Earlier this week we brought you details on the digital rights management scheme that SimCity publisher EA and developer Maxis have programmed into the upcoming city-building video game. You can find full details in our earlier piece, but the most crucial point is that the game will require players to have an active Internet connection simply to save their progress in the title. There seemed no mechanical explanation for this requirement, but EA believes that this hurdle will go a long way toward preventing widespread piracy of the currently PC and Mac-exclusive SimCity.
Given its ongoing, collective hatred of any DRM scheme (which, it should be stated, is based on the numerous times that seemingly innocuous DRM schemes have done little to quell piracy while drastically hindering the gameplay experience of many legitimate players), the Internet masses immediately decried this decision, claiming that EA is purely motivated by profit. While the publisher has yet to address these complaints directly, a new blog post written by Maxis head Lucy Bradshow appeared this morning that attempts to explain to prospective buyers why the decision for this particular DRM scheme is, in fact, beneficial to all those hoping to enjoy the latest sequel in what is undoubtedly one of EA’s longest running, most intensely beloved franchises.
“Creating a connected experience has always been a goal for SimCity, and this design decision has driven our development process for the game,” Bradshaw writes.
“Perhaps [SimCity creative director Quigley] Ocean said it best when he said that real cities do not exist in a bubble; they share a region and affect one another,” Bradshaw states. “[SimCity’s new] GlassBox [game engine] does more than just segregate computing tasks, it also allows us to make it so that you can create specialized cities that are visually unique and personalized, and that can be economically integrated into a larger region. You’re always connected to the neighbors in your region so while you play, data from your city interacts with our servers, and we run the simulation at a regional scale.”
“For example, trades between cities, simulation effects that cause change across the region like pollution or crime, as well as depletion of resources, are all processed on the servers and then data is sent back to your city on your PC. Every city in the region is updated every three minutes, which keeps the overall region in sync and makes your decisions in your city relevant to any changes that have taken place in the region.”
“Running the regional simulation on our servers is something we also use to support features that will make this SimCity even more fun. We use the Sim data to update worldwide leaderboards, where you get to see your city or mayoral standings as compared to the other cities in your region and between all of the regions in the world. And since SimCity is a live service, we’re also using the data to create weekly global and local challenges for our players that keep the gameplay fresh and surprising,” Bradshaw adds.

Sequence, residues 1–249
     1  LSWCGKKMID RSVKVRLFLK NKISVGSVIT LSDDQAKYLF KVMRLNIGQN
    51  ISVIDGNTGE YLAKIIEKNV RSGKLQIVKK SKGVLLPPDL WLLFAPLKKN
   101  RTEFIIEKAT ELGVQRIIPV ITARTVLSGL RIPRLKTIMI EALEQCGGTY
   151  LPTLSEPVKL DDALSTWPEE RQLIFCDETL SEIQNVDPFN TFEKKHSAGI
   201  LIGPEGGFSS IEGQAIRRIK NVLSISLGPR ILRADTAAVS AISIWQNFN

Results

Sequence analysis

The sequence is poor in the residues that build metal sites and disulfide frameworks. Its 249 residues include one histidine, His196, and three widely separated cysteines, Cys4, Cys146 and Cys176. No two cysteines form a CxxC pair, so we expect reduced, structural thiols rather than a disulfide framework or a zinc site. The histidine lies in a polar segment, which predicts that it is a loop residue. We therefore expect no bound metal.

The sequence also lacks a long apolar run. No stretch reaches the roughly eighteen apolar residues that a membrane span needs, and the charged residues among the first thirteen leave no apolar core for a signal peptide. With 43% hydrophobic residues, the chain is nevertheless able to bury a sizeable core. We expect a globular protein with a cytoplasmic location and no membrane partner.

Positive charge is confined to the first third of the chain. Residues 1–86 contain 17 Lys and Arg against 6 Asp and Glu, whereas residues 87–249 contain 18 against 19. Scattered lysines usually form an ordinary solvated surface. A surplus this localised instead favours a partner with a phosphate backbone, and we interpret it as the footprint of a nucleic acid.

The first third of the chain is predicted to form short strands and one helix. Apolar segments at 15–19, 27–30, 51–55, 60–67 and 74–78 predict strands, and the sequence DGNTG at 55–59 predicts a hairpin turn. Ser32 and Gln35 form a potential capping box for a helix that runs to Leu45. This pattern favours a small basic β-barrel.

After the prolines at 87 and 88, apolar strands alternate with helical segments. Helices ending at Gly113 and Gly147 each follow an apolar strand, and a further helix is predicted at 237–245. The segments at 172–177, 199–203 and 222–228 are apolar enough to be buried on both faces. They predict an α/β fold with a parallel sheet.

In closing, Bradshaw states that SimCity is the best entry in the franchise to date and that due to how interconnected it is, the gameplay itself requires an omnipresent Internet connection. It simply wouldn’t be possible to achieve the level of regional interconnectivity Maxis has planned for the title without players being constantly connected to one another. Yes, this requirement does make it slightly more difficult to pirate the title, but if Bradshaw is to be believed, the decision to require an always-on Internet connection was not made by cynical bean counters, but instead by the creative types who designed the game’s inarguably impressive feature set.
Whether you’re apt to believe Bradshaw or not is another question entirely, but her words do make a lot of sense. It may simply be that long-time SimCity players have to adjust how they think of the game. No longer is SimCity a simple single-player attempt to turn the arduous task of city building into a compelling game; Instead, the latest entry in the franchise is akin to a massively multiplayer online game. We’ll leave it to you to decide if this is a positive or reason enough to avoid the title when it hits shelves in March of 2013.
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